Perkins School for the Blind Transition Center

Supporting Sensory Diversity: Building Inclusive Classrooms

Traditional classrooms were initially designed in the early 1900s, and some school districts have retained a similar structure. These settings typically involve large groups of children seated, remaining stationary, and primarily learning through listening and reading. Traditional classrooms require mature auditory processing and good visual motor and visual perceptual skills. For those who struggle with the sensory demands of a conventional classroom, focusing and learning becomes a source of frustration, anxiety, and unseen barriers to effective learning (Mullally, 2022).

preschooler with headphones coloring alone in class

Establishing Sensory-Friendly Classrooms

Creating a sensory-friendly classroom is essential for supporting students with sensory processing differences, such as autism spectrum disorder or attention disorders (Zulkanain & Mydin, 2019). Here are some effective strategies for establishing a sensory-friendly environment in the classroom:

  1. Room Layout: The classroom should have a variety of areas for both individual and group activities, including spaces that cater to different noise levels, ranging from louder to quieter environments (Nodding, 2017).
  2. Flexible Seating Options: Provide chairs, stools, and floor seating with a variety of textures, heights, and levels of firmness. Also, consider alternative seating options like wiggle cushions, stability balls, or fidget tools to accommodate different sensory preferences (Dickson, 2023).
  3. Visual Organization: Consider the walls to balance quiet space with visually engaging elements (Notbohm & Nomura, 2008). Provide a well-organized environment that could utilize visual schedules, charts, and cues to help students understand and anticipate daily routines. Visual support can include visual timetables, social stories, and visual transition cues.
  4. Lighting: Consider the lighting in the classroom. Natural light is preferable, but if not possible, use soft and adjustable lighting. Avoid flickering or harsh fluorescent lights (Nodding, 2017).
  5. Quiet Spaces: Designate quiet corners or sensory-friendly rooms where students can retreat when overwhelmed. Equip these spaces with soft lighting, comfortable seating, and sensory tools (Dickson, 2023).
  6. Noise Control: Implement noise reduction strategies such as using noise-canceling headphones, earplugs, or providing quiet spaces to minimize auditory distractions (Dickson, 2023).
  7. Sensory Breaks: Incorporate regular sensory breaks into the daily schedule, allowing students to engage in activities that help regulate their sensory systems, such as stretching, deep pressure activities, or sensory-friendly equipment (du Preez & Combrinck, 2022).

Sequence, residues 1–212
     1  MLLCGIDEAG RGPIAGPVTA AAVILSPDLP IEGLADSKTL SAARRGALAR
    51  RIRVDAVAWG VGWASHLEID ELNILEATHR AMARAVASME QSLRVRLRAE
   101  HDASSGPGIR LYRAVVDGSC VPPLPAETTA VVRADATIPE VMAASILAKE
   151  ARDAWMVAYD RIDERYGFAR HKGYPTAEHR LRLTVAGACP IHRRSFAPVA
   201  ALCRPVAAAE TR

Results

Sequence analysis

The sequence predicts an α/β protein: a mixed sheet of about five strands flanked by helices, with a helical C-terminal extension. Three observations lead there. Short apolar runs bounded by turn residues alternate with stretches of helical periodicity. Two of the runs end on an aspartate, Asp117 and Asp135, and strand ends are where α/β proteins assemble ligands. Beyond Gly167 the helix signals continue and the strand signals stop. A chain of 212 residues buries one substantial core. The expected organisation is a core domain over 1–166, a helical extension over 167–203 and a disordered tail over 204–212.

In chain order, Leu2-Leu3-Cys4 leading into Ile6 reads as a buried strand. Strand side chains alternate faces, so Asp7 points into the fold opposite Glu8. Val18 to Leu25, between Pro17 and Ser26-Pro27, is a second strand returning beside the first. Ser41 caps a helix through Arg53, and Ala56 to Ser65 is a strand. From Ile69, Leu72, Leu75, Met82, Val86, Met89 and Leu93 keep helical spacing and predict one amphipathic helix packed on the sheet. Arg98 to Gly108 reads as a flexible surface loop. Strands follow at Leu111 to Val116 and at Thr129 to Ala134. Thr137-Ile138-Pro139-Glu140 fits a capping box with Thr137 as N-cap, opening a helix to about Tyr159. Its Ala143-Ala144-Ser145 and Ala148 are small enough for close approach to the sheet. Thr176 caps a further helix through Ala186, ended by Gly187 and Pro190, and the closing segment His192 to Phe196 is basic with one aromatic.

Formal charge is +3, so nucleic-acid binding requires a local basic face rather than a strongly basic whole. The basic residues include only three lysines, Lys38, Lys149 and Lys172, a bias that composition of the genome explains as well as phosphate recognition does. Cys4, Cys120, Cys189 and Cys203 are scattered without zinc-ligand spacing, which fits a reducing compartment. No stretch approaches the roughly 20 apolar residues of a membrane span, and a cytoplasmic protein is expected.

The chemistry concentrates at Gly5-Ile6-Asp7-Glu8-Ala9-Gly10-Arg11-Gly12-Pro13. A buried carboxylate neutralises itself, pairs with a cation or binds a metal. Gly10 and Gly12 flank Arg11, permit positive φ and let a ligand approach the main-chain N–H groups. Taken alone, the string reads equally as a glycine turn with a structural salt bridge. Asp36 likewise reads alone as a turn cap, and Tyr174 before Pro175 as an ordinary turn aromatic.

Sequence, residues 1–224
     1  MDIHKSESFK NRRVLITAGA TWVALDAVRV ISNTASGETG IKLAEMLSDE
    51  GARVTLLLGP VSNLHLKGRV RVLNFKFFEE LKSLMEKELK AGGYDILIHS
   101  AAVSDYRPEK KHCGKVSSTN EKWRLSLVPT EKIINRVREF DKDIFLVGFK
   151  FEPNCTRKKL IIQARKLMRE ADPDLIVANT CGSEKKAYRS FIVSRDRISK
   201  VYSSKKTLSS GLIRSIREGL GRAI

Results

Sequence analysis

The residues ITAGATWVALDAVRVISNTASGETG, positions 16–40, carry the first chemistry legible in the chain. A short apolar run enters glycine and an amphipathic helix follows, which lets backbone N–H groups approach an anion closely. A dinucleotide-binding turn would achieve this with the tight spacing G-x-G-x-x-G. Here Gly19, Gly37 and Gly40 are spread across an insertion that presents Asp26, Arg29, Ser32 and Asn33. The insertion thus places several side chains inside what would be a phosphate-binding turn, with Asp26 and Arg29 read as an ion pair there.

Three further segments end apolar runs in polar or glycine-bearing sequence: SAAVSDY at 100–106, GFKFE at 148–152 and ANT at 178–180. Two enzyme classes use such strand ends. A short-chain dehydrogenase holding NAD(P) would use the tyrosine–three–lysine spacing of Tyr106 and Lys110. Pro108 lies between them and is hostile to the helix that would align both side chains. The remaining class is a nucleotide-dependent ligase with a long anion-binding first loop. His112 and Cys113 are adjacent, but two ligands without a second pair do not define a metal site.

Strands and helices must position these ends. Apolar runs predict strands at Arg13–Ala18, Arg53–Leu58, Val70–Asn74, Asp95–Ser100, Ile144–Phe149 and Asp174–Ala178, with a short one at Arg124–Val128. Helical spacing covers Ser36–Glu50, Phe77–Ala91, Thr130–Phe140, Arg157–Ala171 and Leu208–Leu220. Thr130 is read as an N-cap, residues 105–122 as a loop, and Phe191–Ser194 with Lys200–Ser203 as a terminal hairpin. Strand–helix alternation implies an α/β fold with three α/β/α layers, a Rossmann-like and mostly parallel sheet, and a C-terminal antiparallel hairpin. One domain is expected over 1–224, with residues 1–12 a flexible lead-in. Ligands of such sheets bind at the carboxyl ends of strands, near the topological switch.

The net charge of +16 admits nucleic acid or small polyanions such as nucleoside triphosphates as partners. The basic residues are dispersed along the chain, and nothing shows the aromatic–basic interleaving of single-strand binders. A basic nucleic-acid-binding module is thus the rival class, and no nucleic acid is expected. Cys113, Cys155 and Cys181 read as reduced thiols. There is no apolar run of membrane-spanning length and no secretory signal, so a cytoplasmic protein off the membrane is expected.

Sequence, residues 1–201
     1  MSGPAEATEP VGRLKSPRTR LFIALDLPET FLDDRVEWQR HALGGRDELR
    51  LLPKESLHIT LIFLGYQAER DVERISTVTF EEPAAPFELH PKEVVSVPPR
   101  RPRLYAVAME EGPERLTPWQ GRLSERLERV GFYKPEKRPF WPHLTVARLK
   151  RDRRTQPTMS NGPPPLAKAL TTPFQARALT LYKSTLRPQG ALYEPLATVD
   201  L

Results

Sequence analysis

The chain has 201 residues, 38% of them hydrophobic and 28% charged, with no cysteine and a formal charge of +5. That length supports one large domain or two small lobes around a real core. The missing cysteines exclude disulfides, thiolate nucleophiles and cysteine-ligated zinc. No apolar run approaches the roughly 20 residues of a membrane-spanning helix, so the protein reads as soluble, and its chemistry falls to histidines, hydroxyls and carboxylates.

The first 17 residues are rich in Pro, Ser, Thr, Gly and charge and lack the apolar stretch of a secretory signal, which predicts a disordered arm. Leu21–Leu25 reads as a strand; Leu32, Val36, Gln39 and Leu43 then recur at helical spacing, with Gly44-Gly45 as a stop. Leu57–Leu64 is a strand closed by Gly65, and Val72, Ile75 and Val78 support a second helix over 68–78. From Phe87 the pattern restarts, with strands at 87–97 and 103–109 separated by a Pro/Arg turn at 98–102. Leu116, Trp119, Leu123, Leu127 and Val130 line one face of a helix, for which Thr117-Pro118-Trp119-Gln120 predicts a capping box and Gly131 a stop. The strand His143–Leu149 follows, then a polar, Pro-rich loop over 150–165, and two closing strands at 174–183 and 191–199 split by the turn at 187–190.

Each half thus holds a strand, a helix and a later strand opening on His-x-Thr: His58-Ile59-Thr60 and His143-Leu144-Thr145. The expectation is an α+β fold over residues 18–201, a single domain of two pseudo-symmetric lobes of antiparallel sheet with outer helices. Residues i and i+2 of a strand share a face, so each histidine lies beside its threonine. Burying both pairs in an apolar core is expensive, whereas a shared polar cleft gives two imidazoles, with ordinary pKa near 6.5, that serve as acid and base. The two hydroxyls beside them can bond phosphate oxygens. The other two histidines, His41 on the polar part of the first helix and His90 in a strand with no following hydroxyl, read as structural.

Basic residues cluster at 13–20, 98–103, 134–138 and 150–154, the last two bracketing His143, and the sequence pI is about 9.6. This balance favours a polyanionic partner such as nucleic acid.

8. Structured Routines: Establish predictable routines to provide a sense of security for students. Consistency and predictability can be comforting for those with sensory sensitivities (du Preez & Combrinck, 2022).

After evaluating the general classroom environment, including curriculum activities and hands-on materials that can be incorporated into the school day to assist diverse learners may be beneficial. Certain individual tools can be accessible to students in the classroom, possibly on a designated “sensory shelf,” or as part of classroom work (Noddings, 2017). These tools might encompass the following:

  • Portable fidgets and squeeze balls in different textures and firmness levels suitable for hand-size use.
  • Headphones with options for noise-canceling, silent, or music settings.
  • Lap weights for sensory grounding.
  • Fine-motor activities designed for accommodations and sensory diversity.
  • Colored glasses to tone down visual input or block flickering from fluorescent lights.
  • Stretch or resistance bands for movement breaks.
  • Massage balls or foam rollers for tactile stimulation.
  • Chewing tools like pencil toppers, pendants, or gum for oral sensory needs.

The Zones of Regulation

Another method to consider in implementing a sensory-friendly classroom is the Zones of Regulation curriculum, which targets the teaching of self-regulation skills by integrating executive functions, emotional regulation, and sensory processing. The Zones of Regulation curriculum is designed to assist children and adults in developing self-regulation skills. It classifies a child’s emotions and alertness levels into four distinct zones:

  • Blue: Sad, bored, tired, sick.
  • Green: Happy, focused, calm, proud.
  • Yellow: Worried, frustrated, silly, excited.
  • Red: Overjoyed, elated, panicked, angry, terrified.

The curriculum instructs children on recognizing their current zone and understanding the influence of their actions on others’ thoughts and feelings. Additionally, it provides strategies for managing emotions and sensory experiences.